Offscreen Canvas

An offscreen canvas is a canvas that is not visible on the screen. It can be used to construct the contents of a canvas prior to displaying the contents.

An offscreen canvas is just a canvas element. To create a canvas element we use the code below:

let offscreenCanvas = document.createElement('canvas');

As with any other canvas, we can associate a 2d graphic context with an offscreen canvas, as shown in the code below

   
   let offscreenCanvasCtx = offscreenCanvas.getContext('2d');
   

We need to ensure that the offscreen canvas is the exact same size as the on-screen canvas that it is being associated with, as shown below:

   offscreenCanvas.width = CANVAS_WIDTH;
   offscreenCanvas.height = CANVAS_HEIGHT;   

To draw an offscreen canvas onto another canvas, pass the offscreen canvas name as the element to be drawn, as shown below:

ctx.drawImage(offscreenCanvas,0, 0, width, height);  // pass the offscreen canvas and not the graphic

Example of an offscreen canvas (Run Example)

<!DOCTYPE html>
<html>
<head>
<meta charset="UTF-8">
<meta name="viewport" content="width=device-width, initial-scale=1.0">
<title>Worked example from lecture notes</title>
<style>
img
{
    width:500px;
    height:500px;
}

#loadingMessage
{
    position:absolute;
    top:100px;
    left:100px;
    z-index:100;
    font-size:50px;
}
</style>

<script>
let canvas = null;
let ctx = null;
const CANVAS_WIDTH = 500;
const CANVAS_HEIGHT = 500;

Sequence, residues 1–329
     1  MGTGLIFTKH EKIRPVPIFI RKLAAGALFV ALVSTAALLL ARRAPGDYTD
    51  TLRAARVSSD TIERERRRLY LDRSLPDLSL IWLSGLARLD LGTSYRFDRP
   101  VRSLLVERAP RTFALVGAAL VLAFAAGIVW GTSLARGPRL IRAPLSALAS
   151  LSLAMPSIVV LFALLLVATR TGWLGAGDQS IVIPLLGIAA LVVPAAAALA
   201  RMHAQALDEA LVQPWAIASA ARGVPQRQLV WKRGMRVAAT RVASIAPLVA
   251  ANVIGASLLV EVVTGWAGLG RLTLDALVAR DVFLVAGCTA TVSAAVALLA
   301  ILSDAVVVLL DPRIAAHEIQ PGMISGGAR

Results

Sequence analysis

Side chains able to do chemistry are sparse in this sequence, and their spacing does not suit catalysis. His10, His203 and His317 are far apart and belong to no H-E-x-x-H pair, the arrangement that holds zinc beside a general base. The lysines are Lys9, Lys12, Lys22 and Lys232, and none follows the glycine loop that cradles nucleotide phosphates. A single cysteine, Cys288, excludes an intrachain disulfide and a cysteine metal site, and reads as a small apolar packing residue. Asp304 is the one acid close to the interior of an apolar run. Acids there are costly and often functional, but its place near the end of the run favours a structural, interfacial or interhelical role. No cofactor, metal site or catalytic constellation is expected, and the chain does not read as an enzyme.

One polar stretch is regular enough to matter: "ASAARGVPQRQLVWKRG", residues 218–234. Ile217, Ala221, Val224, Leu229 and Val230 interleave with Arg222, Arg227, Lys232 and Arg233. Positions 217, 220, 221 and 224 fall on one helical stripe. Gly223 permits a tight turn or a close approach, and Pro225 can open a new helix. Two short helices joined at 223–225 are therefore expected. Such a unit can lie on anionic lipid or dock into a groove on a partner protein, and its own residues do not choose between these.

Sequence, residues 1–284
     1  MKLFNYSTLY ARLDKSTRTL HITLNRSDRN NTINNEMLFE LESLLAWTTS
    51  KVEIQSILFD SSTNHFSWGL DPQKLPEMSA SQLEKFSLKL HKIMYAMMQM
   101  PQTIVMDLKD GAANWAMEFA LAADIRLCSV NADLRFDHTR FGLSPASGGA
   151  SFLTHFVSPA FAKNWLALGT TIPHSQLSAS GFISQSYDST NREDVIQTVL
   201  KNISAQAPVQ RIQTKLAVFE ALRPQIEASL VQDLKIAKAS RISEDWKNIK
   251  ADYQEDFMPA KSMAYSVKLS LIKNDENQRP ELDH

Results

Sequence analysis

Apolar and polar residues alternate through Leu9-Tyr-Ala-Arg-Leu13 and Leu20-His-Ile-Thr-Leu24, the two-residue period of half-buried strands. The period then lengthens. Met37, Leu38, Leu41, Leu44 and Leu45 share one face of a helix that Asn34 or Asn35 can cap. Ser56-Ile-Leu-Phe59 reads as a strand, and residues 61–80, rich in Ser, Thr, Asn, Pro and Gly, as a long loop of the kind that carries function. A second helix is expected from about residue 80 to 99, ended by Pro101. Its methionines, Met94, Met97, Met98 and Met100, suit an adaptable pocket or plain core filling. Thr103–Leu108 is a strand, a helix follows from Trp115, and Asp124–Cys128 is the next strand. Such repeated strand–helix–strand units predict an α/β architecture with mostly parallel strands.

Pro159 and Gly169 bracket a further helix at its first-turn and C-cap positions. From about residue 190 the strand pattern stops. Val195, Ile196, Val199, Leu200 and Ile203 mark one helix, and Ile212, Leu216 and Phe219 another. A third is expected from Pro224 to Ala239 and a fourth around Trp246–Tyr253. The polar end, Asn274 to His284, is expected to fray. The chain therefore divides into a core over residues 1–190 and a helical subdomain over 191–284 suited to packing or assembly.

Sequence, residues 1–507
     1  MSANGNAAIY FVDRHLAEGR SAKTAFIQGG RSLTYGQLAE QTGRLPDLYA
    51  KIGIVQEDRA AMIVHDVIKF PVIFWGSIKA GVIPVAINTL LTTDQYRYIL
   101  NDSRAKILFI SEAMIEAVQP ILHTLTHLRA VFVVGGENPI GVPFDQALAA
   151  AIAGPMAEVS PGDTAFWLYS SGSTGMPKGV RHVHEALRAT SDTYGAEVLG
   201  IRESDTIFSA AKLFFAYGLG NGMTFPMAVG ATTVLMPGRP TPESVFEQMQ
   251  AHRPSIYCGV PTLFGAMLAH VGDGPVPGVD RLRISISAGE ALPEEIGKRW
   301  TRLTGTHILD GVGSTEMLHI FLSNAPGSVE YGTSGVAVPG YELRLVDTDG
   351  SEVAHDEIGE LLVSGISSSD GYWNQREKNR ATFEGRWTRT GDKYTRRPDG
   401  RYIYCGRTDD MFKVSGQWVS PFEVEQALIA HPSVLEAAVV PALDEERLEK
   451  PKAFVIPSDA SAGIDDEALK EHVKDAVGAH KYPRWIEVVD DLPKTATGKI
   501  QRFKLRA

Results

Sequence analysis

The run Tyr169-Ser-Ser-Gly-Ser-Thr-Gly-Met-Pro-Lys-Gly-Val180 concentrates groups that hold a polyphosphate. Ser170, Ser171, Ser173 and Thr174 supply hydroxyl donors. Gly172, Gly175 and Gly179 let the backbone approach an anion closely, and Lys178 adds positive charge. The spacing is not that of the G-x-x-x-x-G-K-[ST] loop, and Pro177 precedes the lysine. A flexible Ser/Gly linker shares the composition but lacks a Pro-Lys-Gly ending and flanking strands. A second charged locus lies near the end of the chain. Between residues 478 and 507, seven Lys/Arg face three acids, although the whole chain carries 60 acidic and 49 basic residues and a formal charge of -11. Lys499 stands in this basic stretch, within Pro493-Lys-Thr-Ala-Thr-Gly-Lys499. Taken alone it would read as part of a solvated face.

let originalImage = null;
let offscreenCanvas;
let offscreenCanvasCtx;


window.onload = onAllAssetsLoaded;
document.write("<div id='loadingMessage'>Loading...</div>");
function onAllAssetsLoaded()
{
    // hide the webpage loading message
    document.getElementById('loadingMessage').style.visibility = "hidden";

    canvas = document.getElementById('screenCanvas');
    ctx = canvas.getContext('2d');

    originalImage = document.getElementById('originalImage');
    width = originalImage.clientWidth;
    height = originalImage.clientHeight;
    canvas.width = CANVAS_WIDTH;
    canvas.height = CANVAS_HEIGHT;

    offscreenCanvas = document.createElement('canvas');
    offscreenCanvasCtx = offscreenCanvas.getContext('2d');
    offscreenCanvas.width = CANVAS_WIDTH;
    offscreenCanvas.height = CANVAS_HEIGHT;

    renderCanvas();
}


function renderCanvas()
{
    // draw onto the offscreen canvas
    offscreenCanvasCtx.beginPath();
    offscreenCanvasCtx.fillStyle = "red"; // any colour can be used
    offscreenCanvasCtx.fillRect(70, 100, 260, 200);
    offscreenCanvasCtx.closePath();

    offscreenCanvasCtx.beginPath();
    offscreenCanvasCtx.fillStyle = "yellow";
    offscreenCanvasCtx.font = "50px Times Roman";
    offscreenCanvasCtx.fillText("Offscreen", 100, 180);
    offscreenCanvasCtx.fillText("Canvas", 125, 230);
    offscreenCanvasCtx.closePath();

    // draw an image directly onto the screen's canvas
    ctx.drawImage(originalImage, 0, 0, CANVAS_WIDTH, CANVAS_HEIGHT);

    // draw the offscreen buffer onto the screen's canvas
    ctx.drawImage(offscreenCanvas, 0, 0, CANVAS_WIDTH, CANVAS_HEIGHT);
}
</script>
</head>

<body>
<img id = 'originalImage' src = 'images/dancing.png'>
<canvas id = 'screenCanvas'></canvas>
</body>
</html>

Using an offscreen canvas to store the user's scribbles will allow us to seperate the background image from the foreground scribbles. Use an offscreen canvas to allow the user to change the background image without losing the foreground scribble, as shown here.

Accessing a Canvas Pixel

We can access any canvas pixel using the code below.

let imageData = offscreenObstaclesCanvasG.getImageData(x, y, 1, 1);
let data = imageData.data;

if (data[3] !== 0)
{
    // This pixel is not transparent
}

We can use an offscreen canvas to test the mouse pointer against the transparent and non-transparent parts of an image. This is especially useful for accurate collision detection.

Use an offscreen canvas to do a transparancy collision detection test on the jigsaw pieces in the jigsaz game, as shown here.

 
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